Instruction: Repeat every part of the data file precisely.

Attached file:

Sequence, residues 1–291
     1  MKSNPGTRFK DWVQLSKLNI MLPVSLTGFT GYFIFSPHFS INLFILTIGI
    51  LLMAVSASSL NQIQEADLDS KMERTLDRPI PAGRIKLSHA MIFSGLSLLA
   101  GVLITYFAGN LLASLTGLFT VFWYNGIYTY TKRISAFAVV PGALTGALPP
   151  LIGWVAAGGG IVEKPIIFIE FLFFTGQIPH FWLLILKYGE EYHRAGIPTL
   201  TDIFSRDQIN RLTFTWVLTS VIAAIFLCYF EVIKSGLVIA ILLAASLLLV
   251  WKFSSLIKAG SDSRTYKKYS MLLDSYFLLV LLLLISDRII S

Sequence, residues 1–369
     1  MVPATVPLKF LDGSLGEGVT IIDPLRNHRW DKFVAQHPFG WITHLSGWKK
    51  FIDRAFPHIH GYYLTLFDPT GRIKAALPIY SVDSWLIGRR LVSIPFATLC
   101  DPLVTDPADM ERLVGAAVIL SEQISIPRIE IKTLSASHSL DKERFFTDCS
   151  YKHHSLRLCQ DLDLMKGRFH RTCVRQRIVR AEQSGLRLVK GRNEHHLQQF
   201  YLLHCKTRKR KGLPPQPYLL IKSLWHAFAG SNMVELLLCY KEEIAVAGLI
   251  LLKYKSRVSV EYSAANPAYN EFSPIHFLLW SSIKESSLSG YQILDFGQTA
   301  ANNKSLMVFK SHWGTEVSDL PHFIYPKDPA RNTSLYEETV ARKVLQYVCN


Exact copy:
Sequence, residues 1–291
     1  MKSNPGTRFK DWVQLSKLNI MLPVSLTGFT GYFIFSPHFS INLFILTIGI
    51  LLMAVSASSL NQIQEADLDS KMERTLDRPI PAGRIKLSHA MIFSGLSLLA
   101  GVLITYFAGN LLASLTGLFT VFWYNGIYTY TKRISAFAVV PGALTGALPP
   151  LIGWVAAGGG IVEKPIIFIE FLFFTGQIPH FWLLILKYGE EYHRAGIPTL
   201  TDIFSRDQIN RLTFTWVLTS VIAAIFLCYF EVIKSGLVIA ILLAASLLLV
   251  WKFSSLIKAG SDSRTYKKYS MLLDSYFLLV LLLLISDRII S

Sequence, residues 1–369
     1  MVPATVPLKF LDGSLGEGVT IIDPLRNHRW DKFVAQHPFG WITHLSGWKK
    51  FIDRAFPHIH GYYLTLFDPT GRIKAALPIY SVDSWLIGRR LVSIPFATLC
   101  DPLVTDPADM ERLVGAAVIL SEQISIPRIE IKTLSASHSL DKERFFTDCS
   151  YKHHSLRLCQ DLDLMKGRFH RTCVRQRIVR AEQSGLRLVK GRNEHHLQQF
   201  YLLHCKTRKR KGLPPQPYLL IKSLWHAFAG SNMVELLLCY KEEIAVAGLI
   251  LLKYKSRVSV EYSAANPAYN EFSPIHFLLW SSIKESSLSG YQILDFGQTA
   301  ANNKSLMVFK SHWGTEVSDL PHFIYPKDPA RNTSLYEETV ARKVLQYVCN